Comparing Fitzgerald's Great Gatsby and Eliot's The Love Song of J. Alfred Prufrock

Comparing Fitzgerald's Great Gatsby and Eliot's The Love Song of J. Alfred Prufrock

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Fitzgerald's Great Gatsby and Eliot's The Love Song of J. Alfred Prufrock


   The Roaring Twenties bring to mind a generation of endless partying, which reflected very little of the morals of the generations preceding it. The world, for that generation, was fast-paced and thoroughly material, crowded with bizarre and colorful characters like David Belasco and Arnold Rothstein. Inspired by this era's "spiritually exhausted people" (Brians), F. Scott Fitzgerald's The Great Gatsby and T. S. Eliot's The Love Song of J. Alfred Prufrock address many of the same themes in attempting to restore the "lost generation." In developing these themes, both authors utilize weather, the concept of illusion versus reality and the direction of time as a mode of conveying the promise of their dream to the citizens of the Jazz Age.

In both The Love Song of J. Alfred Prufrock and The Great Gatsby, weather and time of day play an important part in setting the tone and mood. Prufrock sets out in the evening, a time of uncertainty, neither day nor night, to confront his past. Likewise, the important events in the Great Gatsby occur at a significant time of day. Once, when Gatsby talked to Nick about his past, Nick describes it as "a time of confusion," (Fitzgerald 102) which the evening time has come to symbolize. Also, the time of final confession in the Great Gatsby was the night Daisy rejected Gatsby (148). Even the covering of the night was not enough to hide the disenchantment of his dream. At this time, Gatsby tells the whole truth about his past and his relationship with Daisy. This past was set in October, as was The Love Song of J. Alfred Prufrock. When Gatsby looks back through the mists of time, he sees a perfect ...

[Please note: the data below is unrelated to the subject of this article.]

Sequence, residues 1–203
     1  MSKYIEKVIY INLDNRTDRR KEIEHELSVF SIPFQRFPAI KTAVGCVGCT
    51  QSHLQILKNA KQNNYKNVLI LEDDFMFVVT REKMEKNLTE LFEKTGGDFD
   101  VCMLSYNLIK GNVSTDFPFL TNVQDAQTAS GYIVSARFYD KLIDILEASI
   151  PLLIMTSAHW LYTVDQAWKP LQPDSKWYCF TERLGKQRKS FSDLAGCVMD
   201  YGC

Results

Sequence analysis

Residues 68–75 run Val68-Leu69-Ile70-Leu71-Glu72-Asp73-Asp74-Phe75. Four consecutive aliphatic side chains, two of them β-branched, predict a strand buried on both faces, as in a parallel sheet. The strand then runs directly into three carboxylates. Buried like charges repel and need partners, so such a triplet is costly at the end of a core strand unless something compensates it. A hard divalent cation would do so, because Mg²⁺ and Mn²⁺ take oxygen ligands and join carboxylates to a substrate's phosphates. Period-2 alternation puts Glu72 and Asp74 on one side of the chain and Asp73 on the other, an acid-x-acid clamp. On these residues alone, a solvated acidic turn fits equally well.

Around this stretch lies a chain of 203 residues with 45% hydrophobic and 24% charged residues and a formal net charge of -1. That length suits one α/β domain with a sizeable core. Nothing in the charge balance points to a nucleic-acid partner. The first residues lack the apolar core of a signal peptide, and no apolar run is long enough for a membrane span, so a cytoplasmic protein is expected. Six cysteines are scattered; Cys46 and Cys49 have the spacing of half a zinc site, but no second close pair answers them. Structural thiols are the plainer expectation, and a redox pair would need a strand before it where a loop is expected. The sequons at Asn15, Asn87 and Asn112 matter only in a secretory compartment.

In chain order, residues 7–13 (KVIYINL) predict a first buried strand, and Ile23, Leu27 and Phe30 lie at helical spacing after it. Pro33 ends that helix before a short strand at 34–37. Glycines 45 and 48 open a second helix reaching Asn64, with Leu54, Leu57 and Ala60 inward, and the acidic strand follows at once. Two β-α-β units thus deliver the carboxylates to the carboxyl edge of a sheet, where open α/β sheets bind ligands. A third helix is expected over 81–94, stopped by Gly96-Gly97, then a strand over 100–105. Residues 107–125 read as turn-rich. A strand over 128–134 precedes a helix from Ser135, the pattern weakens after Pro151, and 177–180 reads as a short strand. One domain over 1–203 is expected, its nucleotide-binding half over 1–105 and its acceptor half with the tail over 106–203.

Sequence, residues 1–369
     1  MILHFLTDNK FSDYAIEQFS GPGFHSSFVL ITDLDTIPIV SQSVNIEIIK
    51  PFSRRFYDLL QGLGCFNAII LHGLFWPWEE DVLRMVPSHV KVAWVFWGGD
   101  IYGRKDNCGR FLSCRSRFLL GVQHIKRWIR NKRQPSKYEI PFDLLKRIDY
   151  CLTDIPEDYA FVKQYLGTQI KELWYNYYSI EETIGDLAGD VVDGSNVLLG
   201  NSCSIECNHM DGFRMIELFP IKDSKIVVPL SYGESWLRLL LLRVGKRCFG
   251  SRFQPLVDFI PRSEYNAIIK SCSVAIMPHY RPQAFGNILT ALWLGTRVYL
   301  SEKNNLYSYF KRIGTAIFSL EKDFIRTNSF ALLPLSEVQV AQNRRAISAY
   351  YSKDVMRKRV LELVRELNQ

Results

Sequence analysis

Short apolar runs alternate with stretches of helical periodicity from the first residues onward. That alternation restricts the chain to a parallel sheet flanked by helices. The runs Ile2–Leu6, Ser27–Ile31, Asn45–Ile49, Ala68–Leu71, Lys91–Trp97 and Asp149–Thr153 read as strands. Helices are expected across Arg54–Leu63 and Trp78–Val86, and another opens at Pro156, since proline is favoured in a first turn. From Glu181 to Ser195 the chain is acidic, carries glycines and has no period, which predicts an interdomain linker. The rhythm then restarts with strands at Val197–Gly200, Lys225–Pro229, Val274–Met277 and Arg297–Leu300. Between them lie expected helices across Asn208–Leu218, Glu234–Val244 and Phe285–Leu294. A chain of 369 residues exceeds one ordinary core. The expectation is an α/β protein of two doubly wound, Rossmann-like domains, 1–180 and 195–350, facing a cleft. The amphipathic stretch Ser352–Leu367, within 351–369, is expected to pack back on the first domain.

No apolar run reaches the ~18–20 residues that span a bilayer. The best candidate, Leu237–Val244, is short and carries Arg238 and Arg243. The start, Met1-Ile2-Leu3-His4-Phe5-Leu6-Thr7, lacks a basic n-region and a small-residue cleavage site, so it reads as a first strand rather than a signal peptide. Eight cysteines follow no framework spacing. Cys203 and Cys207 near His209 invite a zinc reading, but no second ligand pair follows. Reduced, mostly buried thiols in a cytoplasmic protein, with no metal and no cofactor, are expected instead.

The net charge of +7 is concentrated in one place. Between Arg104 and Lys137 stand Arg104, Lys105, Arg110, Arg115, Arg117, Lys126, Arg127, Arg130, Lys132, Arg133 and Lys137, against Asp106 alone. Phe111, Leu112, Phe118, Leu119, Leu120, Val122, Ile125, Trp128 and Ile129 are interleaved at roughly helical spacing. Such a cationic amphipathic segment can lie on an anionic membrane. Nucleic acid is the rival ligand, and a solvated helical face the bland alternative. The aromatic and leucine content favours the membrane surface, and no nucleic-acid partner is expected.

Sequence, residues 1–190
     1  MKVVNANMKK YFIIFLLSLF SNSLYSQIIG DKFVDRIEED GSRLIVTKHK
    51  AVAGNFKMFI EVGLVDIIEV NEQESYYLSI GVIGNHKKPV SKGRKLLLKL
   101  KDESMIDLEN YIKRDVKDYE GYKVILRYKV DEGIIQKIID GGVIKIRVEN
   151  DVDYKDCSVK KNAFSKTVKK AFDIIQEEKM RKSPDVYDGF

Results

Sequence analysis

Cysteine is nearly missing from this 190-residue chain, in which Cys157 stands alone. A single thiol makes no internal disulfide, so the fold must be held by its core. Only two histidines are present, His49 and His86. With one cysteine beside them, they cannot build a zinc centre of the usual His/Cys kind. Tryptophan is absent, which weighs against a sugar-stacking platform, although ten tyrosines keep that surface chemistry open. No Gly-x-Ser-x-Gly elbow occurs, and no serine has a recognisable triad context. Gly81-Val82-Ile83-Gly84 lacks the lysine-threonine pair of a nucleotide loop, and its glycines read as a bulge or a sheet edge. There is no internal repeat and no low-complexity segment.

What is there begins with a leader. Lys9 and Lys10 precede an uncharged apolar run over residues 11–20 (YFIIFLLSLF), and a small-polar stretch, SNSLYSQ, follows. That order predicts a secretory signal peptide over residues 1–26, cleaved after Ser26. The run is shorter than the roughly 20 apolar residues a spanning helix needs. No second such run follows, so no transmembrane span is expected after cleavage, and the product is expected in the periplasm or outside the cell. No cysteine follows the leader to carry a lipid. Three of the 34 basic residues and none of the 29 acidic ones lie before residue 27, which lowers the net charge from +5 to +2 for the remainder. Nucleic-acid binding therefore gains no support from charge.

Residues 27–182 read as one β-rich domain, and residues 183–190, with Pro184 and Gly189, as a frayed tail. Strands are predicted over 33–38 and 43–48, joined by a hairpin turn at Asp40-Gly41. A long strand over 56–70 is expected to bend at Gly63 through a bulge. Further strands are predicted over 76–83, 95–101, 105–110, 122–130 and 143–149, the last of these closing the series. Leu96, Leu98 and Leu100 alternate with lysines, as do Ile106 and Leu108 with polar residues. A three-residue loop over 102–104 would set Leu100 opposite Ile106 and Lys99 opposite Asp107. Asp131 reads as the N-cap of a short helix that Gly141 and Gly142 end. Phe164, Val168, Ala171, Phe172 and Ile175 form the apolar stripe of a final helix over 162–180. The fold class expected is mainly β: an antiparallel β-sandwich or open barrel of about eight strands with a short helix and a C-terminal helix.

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...both authors sought to communicate to their societies, the beauty of a dream uncorrupted by senseless illusions. In using the weather, the concept of illusion versus reality and the direction of time to convey the promise of their dream to the citizens of the Jazz Age, Fitzgerald and Eliot contrast the frustration and despair that was inherent in a spiritually bankrupt world with the fulfillment characteristic of a more grounded and less immoral lifestyle.

 
Works Cited:
 

Bewley, Marius. "Some Notes on The Great Gatsby." Mizener 70-76.

Eliot, T.S.. "The Love Song of J. Alfred Prufrock." The Norton Anthology of English Literature. Ed. M.H. Abrams. New York: Norton, 1996. 2459-2463.

Fitzgerald, F. Scott. The Great Gatsby. 1925. New York: Scribner Classic, 1986.

Pinion, F. B. A T.S. Eliot Companion. Totowa: Barnes & Noble Books, 1986.

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